When it comes to basketball, Clay Kame might be one of the most charitable men in the Grand Valley.
The 27-year-old has had his hand in success at schools across the area, both as a player and as a coach. Kame was a four-year starter at point guard for Central High School before moving on to Colorado Mesa University, where he led the Mavericks in steals his senior season. After serving as an assistant for Sam Provenza and the Grand Junction High School girls team, he found his calling at yet another school in the area in May 2017.
A little more than a year and a half later, the Palisade boys basketball program, which hasn't made the playoffs since 2015, is thriving under its energetic second-year coach.
When Kame took over the program, Palisade had gone only 27-41 under the previous coach and needed a new direction.
The first year wasn't easy and the Bulldogs finished 6-17. However, his second year has been much smoother and the Bulldogs are off to a 12-5 start and, at 4-2, is one of the better teams in the competitive Class 4A Western Slope League.
When asked why his second year has seen such an improvement, he pointed toward a pair of senior starters, guard Sebastian Campbell and forward Zane Haas, and simply stated, "These guys."
Campbell and Haas are only two of the many experienced players on Palisade's roster. The Bulldogs have six seniors and six juniors with no sophomores or freshmen on its current squad.
As a result, Kame hasn't had to change anything about his coaching strategy in year two. The stability is paying off so far this season.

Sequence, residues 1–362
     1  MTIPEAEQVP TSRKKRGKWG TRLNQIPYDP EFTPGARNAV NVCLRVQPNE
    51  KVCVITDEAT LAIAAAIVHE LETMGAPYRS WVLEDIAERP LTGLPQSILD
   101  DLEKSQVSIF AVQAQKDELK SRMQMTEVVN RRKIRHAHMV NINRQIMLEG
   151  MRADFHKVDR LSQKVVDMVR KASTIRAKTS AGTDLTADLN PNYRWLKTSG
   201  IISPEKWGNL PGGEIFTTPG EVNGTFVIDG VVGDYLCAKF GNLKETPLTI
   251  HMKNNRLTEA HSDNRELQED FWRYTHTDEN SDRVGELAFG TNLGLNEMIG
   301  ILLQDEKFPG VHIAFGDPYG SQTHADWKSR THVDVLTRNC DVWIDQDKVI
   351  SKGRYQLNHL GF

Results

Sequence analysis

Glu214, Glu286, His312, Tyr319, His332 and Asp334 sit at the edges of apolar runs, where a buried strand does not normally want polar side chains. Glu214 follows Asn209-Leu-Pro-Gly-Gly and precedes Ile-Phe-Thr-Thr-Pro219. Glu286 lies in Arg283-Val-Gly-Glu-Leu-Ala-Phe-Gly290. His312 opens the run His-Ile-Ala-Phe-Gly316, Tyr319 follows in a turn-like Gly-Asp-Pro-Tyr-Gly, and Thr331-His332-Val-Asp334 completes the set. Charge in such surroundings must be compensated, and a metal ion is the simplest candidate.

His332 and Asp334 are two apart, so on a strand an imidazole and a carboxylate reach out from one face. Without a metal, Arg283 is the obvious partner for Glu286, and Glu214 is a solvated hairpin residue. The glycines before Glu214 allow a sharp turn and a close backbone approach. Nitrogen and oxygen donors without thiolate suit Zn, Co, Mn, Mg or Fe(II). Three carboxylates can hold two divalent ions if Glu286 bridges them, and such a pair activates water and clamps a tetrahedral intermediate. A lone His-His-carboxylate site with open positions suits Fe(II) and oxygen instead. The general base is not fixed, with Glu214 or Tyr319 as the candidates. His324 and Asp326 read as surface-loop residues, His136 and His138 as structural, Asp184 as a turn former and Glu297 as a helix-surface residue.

"All the things we worked on last year are starting to show," Kame said. "They're improving, still, they're evolving, but we're doing the same things we did last year. We've just got kids that are stepping into roles."
Those roles include facilitator, which Campbell has worked his way into and is performing with more confidence than ever, and big man, a bill that the 6-foot-8 Haas fits perfectly. Campbell is averaging 8.7 points and four assists per game and Haas is averaging 11.1 points and nine rebounds per game.
"We're a much more focused team," Campbell said. "We've all stepped into our roles understanding what we bring to the table, not trying to play above ourselves."
Palisade has other crucial playmakers, such as junior Watts Erb, who's second on the team with 9.4 points and 4.7 rebounds per game; junior Kevin Loya, who averages 6.7 points; and senior Logan Tarman, who scores approximately five points per game and has been responsible for some big baskets for the Bulldogs.
Having such a wide array of playmakers is key for Palisade, but the team's chemistry is especially significant to its success.
"We have a lot more experience, and I think that brought us together a lot," Haas said. "We all trust each other."
Only time will tell if Palisade can catch up to undefeated Glenwood Springs in WSL play, but no matter what, the 2018-2019 season will go down as Palisade's most successful in nearly half a decade thanks to its senior class.
Even though the reality of losing such a class is looming, the program's future appears to be as bright as it's been in a long time. That's because this team's impact will extend beyond its current roster.
"As a coach, you always have to look forward a little bit," Kame said. "It's gonna hurt losing this group of seniors, but it's nice to have a group that can really instill pride and show the other kids how to play."
"Just because we have a roster of seniors and juniors doesn't mean all of our sophomores and freshmen aren't in the stands watching. They're learning how to play the game the same way."
The Bulldogs' two league loses are to Glenwood Springs and Steamboat Springs. Palisade takes on Eagle Valley tonight, then gets its second shot at the Sailors on Saturday on the road.
Chasing a league title is a goal but right now the Bulldogs are in solid playoff position, ranked No. 12 in the Ratings Percentage Index.